|Publication number||US7910364 B2|
|Application number||US 12/249,334|
|Publication date||Mar 22, 2011|
|Filing date||Oct 10, 2008|
|Priority date||May 4, 2001|
|Also published as||CA2445049A1, DE60238532D1, EP1392717A1, EP1392717A4, EP1392717B1, US6872551, US7498165, US20030086918, US20050069988, US20090317868, WO2002090495A2, WO2002090495A8|
|Publication number||12249334, 249334, US 7910364 B2, US 7910364B2, US-B2-7910364, US7910364 B2, US7910364B2|
|Inventors||Christopher D. Lima, Elena Mossessova|
|Original Assignee||Cornell Research Foundation, Inc.|
|Export Citation||BiBTeX, EndNote, RefMan|
|Patent Citations (4), Non-Patent Citations (32), Referenced by (9), Classifications (34), Legal Events (1)|
|External Links: USPTO, USPTO Assignment, Espacenet|
This application is a continuation of U.S. application Ser. No. 10/949,685 filed on Sep. 24, 2004, issued on Mar. 3, 2009 as U.S. Pat. No. 7,498,165, which is a divisional application of U.S. application Ser. No. 10/188,343 filed on Jul. 2, 2002, issued on Mar. 29, 2005 as U.S. Pat. No. 6,872,551, which claims the benefit of PCT/US02/14062 filed May 6, 2002, which claims the benefit of U.S. Provisional Application Ser. No. 60/329,080 filed on Oct. 12, 2001, which claims the benefit of U.S. Provisional Application Ser. No. 60/288,656 filed on May 4, 2001. The specifications of U.S. application Ser. Nos. 10/949,685; 10/188,343; 60/329,080; 60/288,656 and International Application No. PCT/US02/14062 are hereby incorporated by reference in their entirety.
Numerous recombinant expression systems are available for production of foreign proteins. See for example Ausubel et al. (Eds.), Current Protocols in Molecular Biology, Wiley, NY (1999); Wu, R. (Ed.), Recombinant DNA methodology TI, Academic Press, NY (1995). One problem common to the available expression systems is that it is difficult to efficiently express many foreign proteins in active form at high levels. Another difficulty arises when the expression of the protein of interest leads to precipitation of the protein as an insoluble amorphous mass in the host cell bearing the expression vector. There remains a need for an efficient expression system, especially for proteins that are difficult to express. Optimally, the expression system should provide high levels of soluble, correctly folded, or active recombinant peptides or proteins that may be easily purified from the expression system.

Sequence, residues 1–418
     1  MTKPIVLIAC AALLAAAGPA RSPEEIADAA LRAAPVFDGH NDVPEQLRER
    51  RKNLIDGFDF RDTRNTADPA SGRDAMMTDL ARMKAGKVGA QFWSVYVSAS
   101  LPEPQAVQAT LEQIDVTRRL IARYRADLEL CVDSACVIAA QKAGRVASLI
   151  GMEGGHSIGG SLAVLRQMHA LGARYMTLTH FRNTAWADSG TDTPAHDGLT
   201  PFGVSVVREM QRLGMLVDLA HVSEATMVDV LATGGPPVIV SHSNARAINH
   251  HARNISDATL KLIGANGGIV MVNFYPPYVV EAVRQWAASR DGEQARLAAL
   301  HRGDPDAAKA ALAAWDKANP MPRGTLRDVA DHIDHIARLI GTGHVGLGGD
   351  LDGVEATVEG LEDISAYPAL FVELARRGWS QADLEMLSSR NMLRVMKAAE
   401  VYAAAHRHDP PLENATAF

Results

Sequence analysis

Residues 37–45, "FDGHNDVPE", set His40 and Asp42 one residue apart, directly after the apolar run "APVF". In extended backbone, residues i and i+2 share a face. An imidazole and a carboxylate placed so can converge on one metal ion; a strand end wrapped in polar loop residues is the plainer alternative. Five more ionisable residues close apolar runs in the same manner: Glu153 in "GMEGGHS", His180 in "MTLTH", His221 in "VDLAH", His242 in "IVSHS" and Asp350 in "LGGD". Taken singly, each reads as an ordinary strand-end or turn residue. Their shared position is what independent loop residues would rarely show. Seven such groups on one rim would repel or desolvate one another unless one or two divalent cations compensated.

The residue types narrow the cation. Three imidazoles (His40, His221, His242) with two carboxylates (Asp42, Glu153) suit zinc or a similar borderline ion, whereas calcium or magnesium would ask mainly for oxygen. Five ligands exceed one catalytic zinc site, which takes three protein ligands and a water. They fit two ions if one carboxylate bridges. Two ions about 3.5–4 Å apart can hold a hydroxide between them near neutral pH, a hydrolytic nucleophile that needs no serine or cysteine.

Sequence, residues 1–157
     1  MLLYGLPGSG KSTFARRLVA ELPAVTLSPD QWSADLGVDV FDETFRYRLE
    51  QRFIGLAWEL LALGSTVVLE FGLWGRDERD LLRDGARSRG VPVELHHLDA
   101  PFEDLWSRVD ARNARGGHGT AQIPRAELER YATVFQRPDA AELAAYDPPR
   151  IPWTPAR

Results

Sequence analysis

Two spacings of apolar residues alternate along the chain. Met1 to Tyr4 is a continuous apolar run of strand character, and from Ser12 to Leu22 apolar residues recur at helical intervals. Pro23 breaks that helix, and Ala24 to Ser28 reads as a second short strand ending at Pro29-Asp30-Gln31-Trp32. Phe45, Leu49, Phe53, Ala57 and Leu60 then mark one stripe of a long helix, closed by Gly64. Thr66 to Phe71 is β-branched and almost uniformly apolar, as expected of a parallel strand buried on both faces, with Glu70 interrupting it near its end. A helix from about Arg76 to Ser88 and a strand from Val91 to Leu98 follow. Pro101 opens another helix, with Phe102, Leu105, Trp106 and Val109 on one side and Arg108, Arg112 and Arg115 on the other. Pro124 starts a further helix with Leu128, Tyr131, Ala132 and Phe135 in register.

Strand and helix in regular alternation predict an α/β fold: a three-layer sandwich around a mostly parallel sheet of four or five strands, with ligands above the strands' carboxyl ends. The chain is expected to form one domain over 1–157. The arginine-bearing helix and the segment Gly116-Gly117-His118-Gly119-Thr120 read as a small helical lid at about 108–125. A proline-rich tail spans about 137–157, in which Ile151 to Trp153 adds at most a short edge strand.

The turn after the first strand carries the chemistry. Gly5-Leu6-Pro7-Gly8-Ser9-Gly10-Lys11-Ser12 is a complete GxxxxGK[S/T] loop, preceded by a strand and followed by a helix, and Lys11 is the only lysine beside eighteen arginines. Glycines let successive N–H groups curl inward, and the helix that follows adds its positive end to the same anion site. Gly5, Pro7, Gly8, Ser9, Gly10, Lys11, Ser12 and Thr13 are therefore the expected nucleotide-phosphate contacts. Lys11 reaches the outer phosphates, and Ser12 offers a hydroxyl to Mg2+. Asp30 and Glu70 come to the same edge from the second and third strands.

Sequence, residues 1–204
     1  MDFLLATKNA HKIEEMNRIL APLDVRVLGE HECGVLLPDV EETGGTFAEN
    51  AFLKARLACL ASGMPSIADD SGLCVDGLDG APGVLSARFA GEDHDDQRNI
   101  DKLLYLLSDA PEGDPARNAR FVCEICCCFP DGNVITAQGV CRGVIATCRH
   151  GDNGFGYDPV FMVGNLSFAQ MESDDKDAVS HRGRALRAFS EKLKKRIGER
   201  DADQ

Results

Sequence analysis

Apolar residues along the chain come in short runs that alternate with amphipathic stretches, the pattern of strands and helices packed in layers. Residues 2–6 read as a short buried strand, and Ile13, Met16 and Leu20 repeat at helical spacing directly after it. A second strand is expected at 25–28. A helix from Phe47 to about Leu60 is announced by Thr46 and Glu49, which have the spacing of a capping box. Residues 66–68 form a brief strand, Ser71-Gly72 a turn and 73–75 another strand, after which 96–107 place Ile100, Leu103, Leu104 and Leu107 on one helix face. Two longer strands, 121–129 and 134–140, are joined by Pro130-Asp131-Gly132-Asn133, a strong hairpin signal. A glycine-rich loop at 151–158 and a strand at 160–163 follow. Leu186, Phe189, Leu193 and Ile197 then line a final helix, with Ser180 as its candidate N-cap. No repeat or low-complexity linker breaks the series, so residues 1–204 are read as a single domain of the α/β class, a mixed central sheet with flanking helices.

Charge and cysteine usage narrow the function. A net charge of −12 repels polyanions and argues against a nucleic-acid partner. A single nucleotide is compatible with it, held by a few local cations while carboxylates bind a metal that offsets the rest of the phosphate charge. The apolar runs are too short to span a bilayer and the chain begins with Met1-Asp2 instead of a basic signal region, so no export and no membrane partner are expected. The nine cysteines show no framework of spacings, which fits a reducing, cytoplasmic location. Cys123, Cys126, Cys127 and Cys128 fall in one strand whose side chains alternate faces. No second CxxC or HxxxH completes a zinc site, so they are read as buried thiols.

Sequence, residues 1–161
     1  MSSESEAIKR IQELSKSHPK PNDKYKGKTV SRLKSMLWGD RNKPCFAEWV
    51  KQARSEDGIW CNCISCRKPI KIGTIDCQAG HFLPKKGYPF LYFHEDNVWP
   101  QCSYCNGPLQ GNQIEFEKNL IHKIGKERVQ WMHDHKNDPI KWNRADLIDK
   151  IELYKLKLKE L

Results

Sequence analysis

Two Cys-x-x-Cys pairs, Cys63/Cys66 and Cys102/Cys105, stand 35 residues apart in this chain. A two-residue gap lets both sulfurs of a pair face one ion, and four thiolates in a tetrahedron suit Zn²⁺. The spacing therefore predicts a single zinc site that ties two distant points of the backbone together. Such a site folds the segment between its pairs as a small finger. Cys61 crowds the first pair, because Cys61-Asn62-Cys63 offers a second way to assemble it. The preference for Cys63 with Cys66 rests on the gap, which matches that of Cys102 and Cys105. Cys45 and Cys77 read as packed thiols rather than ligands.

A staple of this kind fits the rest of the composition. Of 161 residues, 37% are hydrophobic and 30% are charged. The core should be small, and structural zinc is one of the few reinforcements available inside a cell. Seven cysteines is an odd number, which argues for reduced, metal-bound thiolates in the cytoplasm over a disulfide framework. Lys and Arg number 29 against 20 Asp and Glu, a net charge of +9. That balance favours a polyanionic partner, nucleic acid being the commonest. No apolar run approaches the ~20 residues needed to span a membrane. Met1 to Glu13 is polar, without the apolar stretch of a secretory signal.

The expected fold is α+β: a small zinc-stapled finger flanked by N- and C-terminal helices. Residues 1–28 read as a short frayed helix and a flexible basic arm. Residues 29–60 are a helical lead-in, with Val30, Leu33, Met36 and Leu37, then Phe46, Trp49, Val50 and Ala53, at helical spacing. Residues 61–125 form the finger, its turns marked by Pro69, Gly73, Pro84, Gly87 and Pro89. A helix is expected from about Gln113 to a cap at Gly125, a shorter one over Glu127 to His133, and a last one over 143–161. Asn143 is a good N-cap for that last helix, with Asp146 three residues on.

The present invention provides a recombinant fusion protein that comprises an expression enhancing amino acid sequence cleavable by Ulp1 protease or an active fragment of Ulp1 protease (for example the fragment from amino acid positions 403 to 621) and a recombinant poly-amino acid of interest, particularly one that is difficult to express in a recombinant expression system. The fusion protein may also include a purification tag for ease of isolation.
The invention further provides a method of expressing a recombinant poly-amino acid of interest that is difficult to express in a recombinant expression system, by the steps of providing a vector encoding a fusion protein that includes the recombinant poly-amino acid of interest, preferably located C-terminally to a purification tag. The purification tag and the recombinant poly-amino acid of interest are separated by an expression enhancing amino acid sequence cleavable by Ulp1 protease or an active fragment of Ulp1 protease, such as the fragment from the amino acid residue at position 403 to the amino acid residue at position 621. The fusion protein is expressed from the vector in a suitable recombinant host cell.